Why are my Photos Blurry!

I get asked about blurry photos quite a bit. It seems to be a fairly common problem so I decided to write a really short tutorial on blurry photos. So what causes your photos to be blurry? Of course there are many reasons but I’ll just touch on the most common. They would be “Out of Focus”, “Motion Blur”, “Camera Shake”, and “Noise”.

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Out of Focus:
This is a fairly simple explanation. If the lens is not focusing properly using auto focus, or the photographer is not focusing properly using manual focus you will probably see some out of focus blur. Although the explanation is simple it may not always be that simple. If your lens is in good working order it should focus properly but sometimes the lens is either broken or in need of service so it just wont produce a good photo. If you are using manual focus and you’re getting blurry photos its more than likely that you need to practice your technique. Getting sharp photos using manual focus is a skill that will take time to master. If you are using an auto focus lens that is in good repair then you may have some other issues you need to address. For example, your lens/camera combination may need some adjusting. some cameras let you fine tune a lens to the camera with micro lens adjustments. Another example would be if you are shooting with too shallow a depth of field (aperture setting) your subject may be partly or totally out of focus. If you see some parts of your photo in focus but not the part you want then this may be your issue. Another cause may be if you are using a camera with more than one focus point active, the camera may not be selecting what you want in focus.
If parts of your photo are in focus but not the part you want, then you’re more than likely just in need of some better technique. If nothing is in focus then perhaps you need to have your lens checked by a repair service

Motion Blur/Camera Shake:
These two are similar so I’ll address them both at the same time. Your camera captures a light in a slice of time (the shutter speed). When the shutter is open, light is entering the camera and making an image on your sensor. If the camera is moving during this time or your subject is moving, then you will have a blurry photo.

Fan blades are blurry because they are in motion.  Notice the non moving parts of the photo are still in sharp focus

Fan blades are blurry because they are in motion. Notice the non moving parts of the photo are still in sharp focus

Motion Blur is caused by your subject moving during your photo. Blur from Camera shake is caused by the camera moving while the shutter is open. The cause of both is too long a shutter speed. As a general rule for hand held photos of objects not moving, you should have your shutter speed set to the inverse of your lens’ focal length. as an example, if you are using a 100mm lens (or zoom lens set to 100mm) your shutter speed should be 1/100 sec or faster. If you are using a 200mm lens it should be set to 1/200 sec or faster. This will make sure that any camera shake will not be noticeable in your photos. As a beginner, you should never use a shutter speed less than 1/60 second unless the camera is supported in some way like by using a tripod. If your subject is in motion and you want them sharp in the photo you will have to use an even faster shutter speed to stop the action of the subject.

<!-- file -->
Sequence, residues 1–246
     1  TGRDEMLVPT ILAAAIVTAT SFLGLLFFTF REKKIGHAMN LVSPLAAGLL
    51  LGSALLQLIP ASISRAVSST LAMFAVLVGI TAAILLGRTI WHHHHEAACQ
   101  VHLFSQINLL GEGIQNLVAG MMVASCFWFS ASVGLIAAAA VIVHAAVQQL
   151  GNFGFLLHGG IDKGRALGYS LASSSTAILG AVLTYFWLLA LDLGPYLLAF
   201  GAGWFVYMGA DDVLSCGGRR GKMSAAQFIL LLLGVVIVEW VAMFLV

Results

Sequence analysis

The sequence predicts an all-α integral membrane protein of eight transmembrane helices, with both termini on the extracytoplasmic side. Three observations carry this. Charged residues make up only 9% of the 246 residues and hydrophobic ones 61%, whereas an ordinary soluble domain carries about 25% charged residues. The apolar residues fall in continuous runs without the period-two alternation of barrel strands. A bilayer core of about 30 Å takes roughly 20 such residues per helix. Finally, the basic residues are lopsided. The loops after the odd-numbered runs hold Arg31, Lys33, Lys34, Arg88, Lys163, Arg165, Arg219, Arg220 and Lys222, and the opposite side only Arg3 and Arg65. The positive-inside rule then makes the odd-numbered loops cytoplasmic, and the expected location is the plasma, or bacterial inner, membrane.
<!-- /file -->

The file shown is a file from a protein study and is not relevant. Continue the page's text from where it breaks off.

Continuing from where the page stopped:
Using too slow a shutter will cause blur due to camera shake.  Notice the entire photo is out of focus.

Using too slow a shutter will cause blur due to camera shake. Notice the entire photo is out of focus.

The shutter speed will have to be determined by trial and error depending on the speed your subject is moving. A good starting point for most things would be 1/500 second. So, if you are taking photos of moving subjects and you’re getting blurry photos, you are probably experiencing motion blur and you need to use a faster shutter speed. If you are getting blurry photos of static (not moving) objects you may be experiencing camera shake and you need to use a faster shutter speed or you need to use a tripod.

Noise:
the last thing on the list is Noise. Digital noise is caused by using too high an ISO value. Most cameras have a base ISO of 100. At ISO 100 you should get the best photos from your camera with little to no noticeable noise. As the available light decreases or you are in a dark environment, the ISO needs to be raised to make the camera’s sensor more sensitive to light. as you raise the ISO you increase the chance of getting unwanted noise in your photos. Each camera is different in what ISO produces unacceptable noise.

This photo was taken at ISO 51200.  The digital noise makes the photo look blurry

This photo was taken at ISO 51200. The digital noise makes the photo look blurry

This is usually determined by the quality of your camera. This is why professional cameras cost so much. They can use higher ISO values with little to no noticeable noise. Some cameras will produce unacceptable noise at 400 ISO. Some will shoot useable photos at 12800 ISO. It’s really dependent on the sensor the manufacturer used when making your camera. The only way to solve this problem is to use ISO values that don’t produce too much noise. If your photos are too dark at the necessary ISO setting then you will have to add more light. Most people do this by using a speed light (flash). The only other solution is an expensive one, you’ll need to buy a better camera.

Of course there are other things that could cause your photos to be blurry. I just touched on the main reasons. I hope this helps someone.  You can always leave a message or ask a question below

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